A cold, gray day perfect for going to the dentist. And it was a Monday. I met Alice for tea and sympathy afterwards and she listened to my woes before telling me her own dentist story. It was both odd and moving. The week before she had to have a crown removed, kind of chipped away. The dentist asked if she wanted the bit of gold that was left, made a joke about selling it and was surprised when, in fact, she held out her hand. She hadn't given the incident much thought but in the telling of it she began to cry. It was obvious she was experiencing a deep emotion. When her feelings subsided, she didn't want to talk about them beyond saying she hadn't thought about her dad for a long time. But that afternoon when she took the gold it was because her father had been a dentist and it was he who, many years ago, had inserted it. Her father had not been a particularly warm parent and she had had issues with him. So why, she asked, after forty years was this well spring of love so strong and clear?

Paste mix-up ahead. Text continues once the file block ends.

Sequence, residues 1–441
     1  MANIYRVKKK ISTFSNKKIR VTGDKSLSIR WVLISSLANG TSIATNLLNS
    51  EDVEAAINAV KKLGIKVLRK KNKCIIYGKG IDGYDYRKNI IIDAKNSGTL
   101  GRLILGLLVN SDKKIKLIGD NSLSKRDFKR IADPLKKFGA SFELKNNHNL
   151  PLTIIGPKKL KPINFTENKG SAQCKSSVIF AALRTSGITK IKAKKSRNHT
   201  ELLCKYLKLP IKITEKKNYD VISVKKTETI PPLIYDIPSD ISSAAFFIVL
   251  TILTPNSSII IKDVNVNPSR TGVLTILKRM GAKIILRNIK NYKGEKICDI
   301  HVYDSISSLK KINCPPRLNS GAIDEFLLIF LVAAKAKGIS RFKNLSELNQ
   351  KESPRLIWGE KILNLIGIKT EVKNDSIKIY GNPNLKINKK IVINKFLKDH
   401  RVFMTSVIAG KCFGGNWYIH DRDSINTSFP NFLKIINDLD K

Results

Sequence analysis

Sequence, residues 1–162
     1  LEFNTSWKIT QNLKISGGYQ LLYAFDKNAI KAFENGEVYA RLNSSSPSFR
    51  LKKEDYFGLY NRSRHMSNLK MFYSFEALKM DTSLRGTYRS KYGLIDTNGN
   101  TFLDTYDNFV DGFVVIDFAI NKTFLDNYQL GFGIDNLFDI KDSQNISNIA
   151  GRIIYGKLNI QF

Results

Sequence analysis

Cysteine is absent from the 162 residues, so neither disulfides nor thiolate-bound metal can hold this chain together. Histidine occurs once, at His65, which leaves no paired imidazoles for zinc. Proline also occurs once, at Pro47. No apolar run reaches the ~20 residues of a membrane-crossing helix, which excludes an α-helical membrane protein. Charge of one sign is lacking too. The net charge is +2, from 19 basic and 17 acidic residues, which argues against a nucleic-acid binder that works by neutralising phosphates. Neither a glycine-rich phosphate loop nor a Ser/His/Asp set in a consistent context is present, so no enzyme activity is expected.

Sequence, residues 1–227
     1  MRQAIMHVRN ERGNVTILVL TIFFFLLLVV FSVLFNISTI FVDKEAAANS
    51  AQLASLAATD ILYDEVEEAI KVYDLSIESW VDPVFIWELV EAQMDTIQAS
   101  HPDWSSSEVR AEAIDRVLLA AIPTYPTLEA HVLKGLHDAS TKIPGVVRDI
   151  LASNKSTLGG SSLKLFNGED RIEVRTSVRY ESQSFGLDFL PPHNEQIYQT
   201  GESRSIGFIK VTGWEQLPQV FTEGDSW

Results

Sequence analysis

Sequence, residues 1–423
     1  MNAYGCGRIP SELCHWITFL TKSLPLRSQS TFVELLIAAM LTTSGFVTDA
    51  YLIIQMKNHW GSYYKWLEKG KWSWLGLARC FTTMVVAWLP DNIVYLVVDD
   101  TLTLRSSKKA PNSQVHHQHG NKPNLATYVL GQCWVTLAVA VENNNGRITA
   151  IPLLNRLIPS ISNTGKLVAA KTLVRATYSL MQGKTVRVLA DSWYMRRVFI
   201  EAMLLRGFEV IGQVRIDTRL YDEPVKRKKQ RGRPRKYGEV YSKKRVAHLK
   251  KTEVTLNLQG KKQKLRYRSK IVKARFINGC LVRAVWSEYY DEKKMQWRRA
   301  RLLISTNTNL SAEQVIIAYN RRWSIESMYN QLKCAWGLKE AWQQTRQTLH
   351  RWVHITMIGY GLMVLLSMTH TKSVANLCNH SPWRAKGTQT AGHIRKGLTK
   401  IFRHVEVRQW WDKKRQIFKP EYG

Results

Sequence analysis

I chose three o'clock in the morning to wonder. I knew about that surge of love, out of the blue and more than the sum of experiences shared; as if all the love you ever felt for a person was swept up into a bundle of pure, almost hurtful joy. Because surface events fade it's easy to think that love does also. But love seems to abide at a deeper level of our being and unexpectedly, and sometimes uncomfortably, makes itself known.
And here's another dentist story. At the hair salon the next day, Maria told me her father had just given her a small jar that he had been saving for her. Within were all her baby teeth. She was pleased and horrified. She thought about making a bracelet. Love. It's a beautiful thing.